Learn from your experiences.

Some of the best insight you can have when parenting a child with autism is to watch and see what made it a good or bad experience for your child? Did they learn anything, are they having a hard time? How do you decide what therapies are best, what therapists work well with your child? What are some of the details that make that experience positive or negative? So in reverse, think about how you can make the experience for your child a good one. www.myautismteam.com is a great website to connect with other parents to find out what health care professionals get good reviews and which therapists may be helpful for your child.

Your time and attention to your whole family is extremely important.

When parents have invested their time with their child with autism some may tend to focus so much on how to help their child they lose focus of the whole family unit. Be more eager to spend time with God first in prayer asking for his leading and wisdom and with your spouse if married, so you two can be on the same page. Share your hurts, wants and needs with each other, pray together and definitely have a date night if you can set up a babysitter, if not take advantage of school hours when they are school aged and have day dates!

Remember that there is no shortage of information out there in the world for you to consume. To have the least amount of anxiety, be sure to understand that where there is no peace in any situation that is a warning for you to take a step back and reevaluate what to do next. No peace…No go…

“I will instruct you and teach you in the way you should go; I will counsel you and watch over you” Psalm 32:8

Now I want to hear from you! How do you parent your child with autism and keep it together? Which of the four points do you feel have helped you? Let me know in the comments below! 

Listening to: Shawn Mendes “In My Blood”

Blended Families Read This!



When you come into a marriage and one or both persons have had a previous relationship where there are children its gets tricky. However, what if the children are both great kids and one is with autism it gets even trickier. When I met Kevin I was super excited to meet such a great guy with such great energy. When he met my boys I was like a lion read to pounce if he made one mistake concerning them. He was great all around with me and with them. If I needed something for Julian he was readily there, When Jaiden was diagnosed with epilepsy he was there, when I had to medicate Jaiden for the first time he was there, when I found out Jaiden would need therapies he was there and after Jaiden was diagnosed with autistic disorder he was there for not only me but Julian and Jaiden too. My behaviors after the initial diagnosis of Autism was to delve into as much material as I could to find a “cure” and when Kevin didn’t join in I punished him.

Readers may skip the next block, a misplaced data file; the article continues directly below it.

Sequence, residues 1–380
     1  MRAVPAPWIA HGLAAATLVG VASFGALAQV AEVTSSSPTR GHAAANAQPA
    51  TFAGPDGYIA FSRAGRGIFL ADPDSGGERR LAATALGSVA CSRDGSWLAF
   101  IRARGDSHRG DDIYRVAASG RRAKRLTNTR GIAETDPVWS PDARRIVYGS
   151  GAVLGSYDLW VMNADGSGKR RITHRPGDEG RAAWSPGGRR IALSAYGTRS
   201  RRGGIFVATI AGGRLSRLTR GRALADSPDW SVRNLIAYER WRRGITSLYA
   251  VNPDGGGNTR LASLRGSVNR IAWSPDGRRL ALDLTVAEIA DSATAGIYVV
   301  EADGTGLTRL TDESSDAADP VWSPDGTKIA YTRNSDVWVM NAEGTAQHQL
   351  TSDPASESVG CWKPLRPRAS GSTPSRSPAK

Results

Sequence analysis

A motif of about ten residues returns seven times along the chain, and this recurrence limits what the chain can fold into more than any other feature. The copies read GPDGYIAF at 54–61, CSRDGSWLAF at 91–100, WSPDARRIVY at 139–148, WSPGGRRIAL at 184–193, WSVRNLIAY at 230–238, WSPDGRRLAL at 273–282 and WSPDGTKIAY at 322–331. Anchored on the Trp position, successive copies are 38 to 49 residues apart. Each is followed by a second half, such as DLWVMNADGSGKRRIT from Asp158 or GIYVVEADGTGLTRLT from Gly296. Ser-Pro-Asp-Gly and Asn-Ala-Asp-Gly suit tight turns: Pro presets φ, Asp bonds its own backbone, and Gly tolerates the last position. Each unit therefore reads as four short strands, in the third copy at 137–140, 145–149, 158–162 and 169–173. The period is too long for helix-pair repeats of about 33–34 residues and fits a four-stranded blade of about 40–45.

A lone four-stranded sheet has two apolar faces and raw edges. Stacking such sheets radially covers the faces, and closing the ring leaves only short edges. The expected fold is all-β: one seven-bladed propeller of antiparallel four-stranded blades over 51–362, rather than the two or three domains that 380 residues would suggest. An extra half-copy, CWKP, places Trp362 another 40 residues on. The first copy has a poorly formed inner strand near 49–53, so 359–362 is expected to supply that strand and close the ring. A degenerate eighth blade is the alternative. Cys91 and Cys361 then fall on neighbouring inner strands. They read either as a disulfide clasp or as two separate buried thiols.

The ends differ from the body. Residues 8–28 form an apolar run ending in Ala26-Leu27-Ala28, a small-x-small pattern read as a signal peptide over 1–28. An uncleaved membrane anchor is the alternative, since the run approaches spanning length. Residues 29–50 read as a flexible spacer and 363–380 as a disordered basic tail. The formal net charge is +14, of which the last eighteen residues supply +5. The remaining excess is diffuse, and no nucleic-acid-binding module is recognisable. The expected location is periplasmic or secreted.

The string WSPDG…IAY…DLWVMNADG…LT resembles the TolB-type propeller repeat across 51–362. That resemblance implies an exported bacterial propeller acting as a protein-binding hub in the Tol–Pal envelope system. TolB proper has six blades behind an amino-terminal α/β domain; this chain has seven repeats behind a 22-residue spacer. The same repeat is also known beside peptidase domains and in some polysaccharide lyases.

When you come into a marriage with kids the non biological parent has to show ownership of those children. I understood they were not Kevin’s children to begin with, but I wanted him to show he was ready to be a dad and a family man. I had displayed favoritism when it came to my kids and that was wrong. Marriage is trust and I will say if you don’t trust a man or woman with your children NEVER marry them. Jesus said ” A house divided against itself cannot stand.” Kevin had already made the decision to love my boys when he met them and I was emotionally a mess from being in my previous relationship and didn’t believe anyone would love my kids as much as I did. The truth is Kevin was and is the best gift that God has ever given me and my kids. Though Kevin didn’t have the natural love I have for my boys he did love my boys and he did so by choice. Divorces happen when a spouse says “You will not be around forever but my children will be and if there is a choice I will choose my kids.” That is terrible mistake, ownership needs to be shared by both parents. Kids need to see parents operating as team. From the moment I met Kevin all he did was preach “WE, WE, WE” I come from a blended family and growing up with a stepfather I always saw my mom and stepfather working as a team when it came to my sister and I. However, my emotions did get the best of me, I was strongly opinionated and when things got tough in our marriage instead of going to him and loving him I chose to go against him. Don’t go against your spouse, you  are to leave your father and mother and CLEAVE to your spouse. 

Once I figured this out everything fell into place concerning our marriage. I needed a break away from our marriage to pray, get closer to God and quiet the noise that was going on all around me and my family.  Everyone at some point in their marriage will come to a place where they will not be able to solve a problem on their own. Getting help from a pastor, counselor or coach is sign of wisdom and not a sign of weakness.  I highly encourage those of you who are at odds with your spouse now to PLEASE have a teachable spirit and get some outside help. Once we both got some outside help things began to shift in our relationship. I began to have more faith in God and in turn started to see Kevin in a different light. You have got to trust Kevin with your heart and your kids is what I kept hearing God tell me, having time away from Kevin I realized that he isn’t the biological father of Julian and Jaiden however I knew that he loved my boys and I wanted to repair our marriage not only for Julian and Jaiden but for our biological son Sebastian, for all of them to see how we are a team.  All of our decisions are made together and we don’t choose sides. We want for our children to see that God is first and foremost, we are solid as husband and wife and in turn our family is on solid ground because of that.